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Responding to attitudes of academic entitlement – what grad students can do

We’ve all heard it.

“I deserve a better grade than that.”

“I tried hard and my mark doesn’t reflect how hard I tried.”

And the especially common in Biology “I am applying to medical school and I got an 87%. I need a 90%. What can we do about this?”



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But actually, what can we do about this?

Academic entitlement, which is defined as “the tendency to possess an expectation of academic success without a sense of personal responsibility for achieving that success1” is a growing problem. There have been several recent studies which presented various information about this sense of academic entitlement in today’s students. Based on my research, it was a few years after the millennium that this really started to become an issue. An article from 2008 presented findings from a survey of 400 undergraduates between 18 and 252. A few of the surprising (or not) findings included: over 65% of students agreed that if they explained to a Professor that they were trying hard, then that Professor should reconsider their mark2. 40% of students thought they deserved at least a B simply for completing the majority of readings for a class, and more than 30% thought they deserved the same grade just for attending most of the lectures2.

Its entitled attitudes like the ones above that result in dialogues like “I deserve a better mark than the one you gave me”. And as graduates students working as TAs or TFs we often get the brunt of these complaints. It can be overwhelming and disheartening and can certainly make you doubt your abilities as a marker, as an educator, etc.

There are lots of recommended strategies I have found in the literature, and also some I have noticed worked over the years.

1. Show them what excellent work is3,4

I really love this idea and I don’t think it is used enough. Students might complete an assignment and subsequently think because they completed it, and did as they were asked, they deserve a good mark. Show them an example of a piece of excellent work, explain why it is excellent, and how theirs was different and this could be an eye-opener for those just looking to do the least amount of work for the greatest return.

2. Give them something to lose3,4

This is one that is practiced a lot in our department. If students asking for re-grades or mark increases is becoming a big problem, develop a policy (in the syllabus) welcoming regrades, but that marks can go up or down, and that the regrade mark is final. This often scares away students that are complaining just for the sake of complaining. I realize this is not something that a TA necessarily has any control over, but if students asking for mark changes is starting to bog you down and use up your contracted TA hours that should be used elsewhere than I encourage you to seek help from the course coordinator.

3. If they did something well, tell them that

This is something I tried over my years as a TA and I have found that it works quite well. My first TAship ever involved strictly marking and I was responsible for grading 125 poster assignments. I was provided with a detailed rubric and while the marking was somewhat subjective, I stuck to the rubric as closely as I could. The day the marks were released to students my inbox was bombarded with emails from students who were certain I had made some mistake because they tried really hard and didn’t get the mark they deserved. I was instructed to tell them where they lost marks and refer them to the course coordinator if they had any further problems. For some this worked, for others it just fueled them to persist with their argument.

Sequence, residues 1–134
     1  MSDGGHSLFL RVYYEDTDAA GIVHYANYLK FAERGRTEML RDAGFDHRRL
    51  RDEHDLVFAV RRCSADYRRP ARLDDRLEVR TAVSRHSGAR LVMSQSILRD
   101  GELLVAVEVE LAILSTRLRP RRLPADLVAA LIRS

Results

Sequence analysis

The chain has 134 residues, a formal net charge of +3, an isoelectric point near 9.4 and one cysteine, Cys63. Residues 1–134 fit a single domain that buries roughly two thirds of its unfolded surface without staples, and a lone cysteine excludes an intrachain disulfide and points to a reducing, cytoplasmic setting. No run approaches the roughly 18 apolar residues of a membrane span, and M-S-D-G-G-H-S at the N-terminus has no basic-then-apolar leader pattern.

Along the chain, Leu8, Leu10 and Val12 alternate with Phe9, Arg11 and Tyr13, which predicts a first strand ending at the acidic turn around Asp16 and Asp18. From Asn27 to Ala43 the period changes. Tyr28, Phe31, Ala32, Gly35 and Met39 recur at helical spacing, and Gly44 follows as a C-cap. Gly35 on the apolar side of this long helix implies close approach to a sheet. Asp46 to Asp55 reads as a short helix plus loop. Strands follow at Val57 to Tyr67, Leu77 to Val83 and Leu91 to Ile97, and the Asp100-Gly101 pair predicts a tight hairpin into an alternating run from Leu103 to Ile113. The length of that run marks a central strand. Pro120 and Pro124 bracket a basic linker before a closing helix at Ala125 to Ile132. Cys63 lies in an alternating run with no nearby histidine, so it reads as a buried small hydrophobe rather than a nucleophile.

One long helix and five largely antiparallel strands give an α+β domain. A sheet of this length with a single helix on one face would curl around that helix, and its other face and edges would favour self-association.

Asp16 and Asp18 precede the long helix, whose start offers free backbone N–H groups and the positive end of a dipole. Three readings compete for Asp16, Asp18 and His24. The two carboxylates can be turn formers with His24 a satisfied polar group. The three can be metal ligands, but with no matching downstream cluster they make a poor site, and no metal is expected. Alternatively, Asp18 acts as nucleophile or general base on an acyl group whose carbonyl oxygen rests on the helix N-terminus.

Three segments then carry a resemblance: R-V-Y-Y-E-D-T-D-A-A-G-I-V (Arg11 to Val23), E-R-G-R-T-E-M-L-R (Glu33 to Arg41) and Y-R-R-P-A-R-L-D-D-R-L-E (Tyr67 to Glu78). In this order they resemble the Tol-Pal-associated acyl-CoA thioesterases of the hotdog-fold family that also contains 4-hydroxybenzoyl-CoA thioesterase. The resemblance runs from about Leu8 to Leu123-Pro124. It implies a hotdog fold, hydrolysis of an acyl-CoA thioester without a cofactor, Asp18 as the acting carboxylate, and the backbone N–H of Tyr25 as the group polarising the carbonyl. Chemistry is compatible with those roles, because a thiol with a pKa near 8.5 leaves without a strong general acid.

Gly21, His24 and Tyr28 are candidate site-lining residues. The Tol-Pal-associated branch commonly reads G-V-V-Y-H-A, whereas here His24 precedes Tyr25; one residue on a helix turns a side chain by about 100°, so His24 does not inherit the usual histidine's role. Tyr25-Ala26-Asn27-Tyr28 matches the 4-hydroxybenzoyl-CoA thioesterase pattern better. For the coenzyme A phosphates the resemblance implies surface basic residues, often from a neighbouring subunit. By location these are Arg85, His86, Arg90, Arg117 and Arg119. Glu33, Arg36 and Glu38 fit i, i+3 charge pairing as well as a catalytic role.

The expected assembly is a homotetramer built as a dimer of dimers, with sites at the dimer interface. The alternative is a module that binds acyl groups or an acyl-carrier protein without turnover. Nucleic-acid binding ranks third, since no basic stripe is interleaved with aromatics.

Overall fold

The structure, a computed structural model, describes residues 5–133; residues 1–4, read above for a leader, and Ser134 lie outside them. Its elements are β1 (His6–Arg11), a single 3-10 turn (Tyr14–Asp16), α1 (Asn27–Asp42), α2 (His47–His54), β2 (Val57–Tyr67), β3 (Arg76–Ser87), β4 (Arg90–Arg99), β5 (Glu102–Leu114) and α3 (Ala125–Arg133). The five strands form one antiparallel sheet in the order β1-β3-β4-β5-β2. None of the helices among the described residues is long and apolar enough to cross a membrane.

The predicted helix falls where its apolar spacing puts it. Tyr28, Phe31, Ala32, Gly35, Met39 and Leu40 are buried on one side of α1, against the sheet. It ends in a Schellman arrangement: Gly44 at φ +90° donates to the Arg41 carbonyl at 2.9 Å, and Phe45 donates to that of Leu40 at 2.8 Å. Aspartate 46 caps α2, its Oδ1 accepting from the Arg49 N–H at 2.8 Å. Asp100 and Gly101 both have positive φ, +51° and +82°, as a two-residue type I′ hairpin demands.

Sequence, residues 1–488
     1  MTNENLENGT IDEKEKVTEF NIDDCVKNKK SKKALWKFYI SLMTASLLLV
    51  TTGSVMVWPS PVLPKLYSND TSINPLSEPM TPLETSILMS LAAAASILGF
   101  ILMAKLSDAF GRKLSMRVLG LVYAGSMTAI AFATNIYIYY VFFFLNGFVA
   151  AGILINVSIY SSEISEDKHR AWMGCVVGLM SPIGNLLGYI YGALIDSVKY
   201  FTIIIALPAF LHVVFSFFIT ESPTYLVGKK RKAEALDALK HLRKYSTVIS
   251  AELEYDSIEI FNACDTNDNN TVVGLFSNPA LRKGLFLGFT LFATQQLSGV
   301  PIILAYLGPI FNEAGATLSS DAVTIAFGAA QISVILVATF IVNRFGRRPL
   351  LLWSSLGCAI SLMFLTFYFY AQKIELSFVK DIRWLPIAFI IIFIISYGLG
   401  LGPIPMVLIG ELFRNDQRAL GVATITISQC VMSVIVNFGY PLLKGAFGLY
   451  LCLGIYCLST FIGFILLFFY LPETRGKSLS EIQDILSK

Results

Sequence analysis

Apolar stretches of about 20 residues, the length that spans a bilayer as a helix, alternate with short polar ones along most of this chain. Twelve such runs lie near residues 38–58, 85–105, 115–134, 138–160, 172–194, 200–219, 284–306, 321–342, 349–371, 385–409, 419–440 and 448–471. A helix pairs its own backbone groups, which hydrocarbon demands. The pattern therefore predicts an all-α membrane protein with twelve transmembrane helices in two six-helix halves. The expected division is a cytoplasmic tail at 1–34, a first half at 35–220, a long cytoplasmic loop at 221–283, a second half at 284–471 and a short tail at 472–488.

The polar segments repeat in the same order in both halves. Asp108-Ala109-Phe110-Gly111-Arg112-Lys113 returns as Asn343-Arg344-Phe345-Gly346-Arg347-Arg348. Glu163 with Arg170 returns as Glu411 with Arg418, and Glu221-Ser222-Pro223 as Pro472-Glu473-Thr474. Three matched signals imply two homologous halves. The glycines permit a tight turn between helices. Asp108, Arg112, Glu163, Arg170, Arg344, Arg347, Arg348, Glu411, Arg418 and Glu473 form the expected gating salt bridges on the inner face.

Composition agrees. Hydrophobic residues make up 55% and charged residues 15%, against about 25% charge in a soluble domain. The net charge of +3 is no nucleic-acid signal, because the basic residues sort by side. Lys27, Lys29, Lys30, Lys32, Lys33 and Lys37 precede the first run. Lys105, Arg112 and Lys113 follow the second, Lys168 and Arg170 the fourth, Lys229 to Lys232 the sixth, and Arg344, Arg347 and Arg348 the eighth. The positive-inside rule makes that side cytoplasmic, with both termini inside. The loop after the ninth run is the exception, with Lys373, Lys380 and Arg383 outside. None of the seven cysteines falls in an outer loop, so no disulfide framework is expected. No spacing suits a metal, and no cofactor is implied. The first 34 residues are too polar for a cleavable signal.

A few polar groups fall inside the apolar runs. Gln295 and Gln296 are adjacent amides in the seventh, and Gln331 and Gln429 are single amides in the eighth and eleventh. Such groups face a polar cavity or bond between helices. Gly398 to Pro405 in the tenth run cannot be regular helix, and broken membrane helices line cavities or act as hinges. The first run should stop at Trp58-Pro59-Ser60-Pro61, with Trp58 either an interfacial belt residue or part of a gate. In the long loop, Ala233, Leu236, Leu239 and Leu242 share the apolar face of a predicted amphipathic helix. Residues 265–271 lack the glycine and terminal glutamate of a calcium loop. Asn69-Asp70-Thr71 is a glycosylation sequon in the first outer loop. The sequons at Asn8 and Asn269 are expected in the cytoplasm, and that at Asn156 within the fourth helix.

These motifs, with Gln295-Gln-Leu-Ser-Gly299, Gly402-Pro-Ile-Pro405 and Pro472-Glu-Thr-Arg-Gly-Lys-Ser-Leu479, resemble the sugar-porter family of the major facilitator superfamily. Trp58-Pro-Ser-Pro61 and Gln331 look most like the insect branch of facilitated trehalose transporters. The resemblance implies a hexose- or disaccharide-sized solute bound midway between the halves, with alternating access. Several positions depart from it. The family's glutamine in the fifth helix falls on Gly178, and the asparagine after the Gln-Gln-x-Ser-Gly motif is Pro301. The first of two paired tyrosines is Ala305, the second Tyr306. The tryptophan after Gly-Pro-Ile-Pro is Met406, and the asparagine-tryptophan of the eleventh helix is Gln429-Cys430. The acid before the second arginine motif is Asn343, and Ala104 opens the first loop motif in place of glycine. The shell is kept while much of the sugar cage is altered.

“I spent 10 hours on this, surely that’s worth a 90%.”

So I began starting these mark inquiry responses with “I really liked the following things about your poster…” and then proceeded to list all the places they lost marks. Focusing on the positives and the negatives can be helpful in showing students that just because you completed an assignment doesn’t mean you’l receive a stellar grade.

These are just a few of the many suggestions for dealing with students who feel they deserve better marks and academic entitlement in general. For more information see the list of references at the end of this post.

Do you have strategies for dealing with academic entitlement in students? We would love to hear them in the comments below!



1 http://psycnet.apa.org/journals/edu/101/4/982/

2 http://www.canada.com/topics/news/story.html?id=6f8e11db-6ed2-4e17-b271-1368cc9bd123

3 http://biz.colostate.edu/mti/tips/pages/StudentEntitlementIssuesandStrategiesforConfrontingEntitlementintheClassroomandBeyond.aspx

4 http://www.facultyfocus.com/articles/teaching-and-learning/student-entitlement-six-ways-to-respond/



Posted in All, General, New Students, Student Perspective, Teaching Tagged with: , , ,
One comment on “Responding to attitudes of academic entitlement – what grad students can do
  1. Colette says:

    I am sure many will find these strategies just what they need, but I am sure there are others out there. Come on grad students, help each other and let everyone know what works for you.

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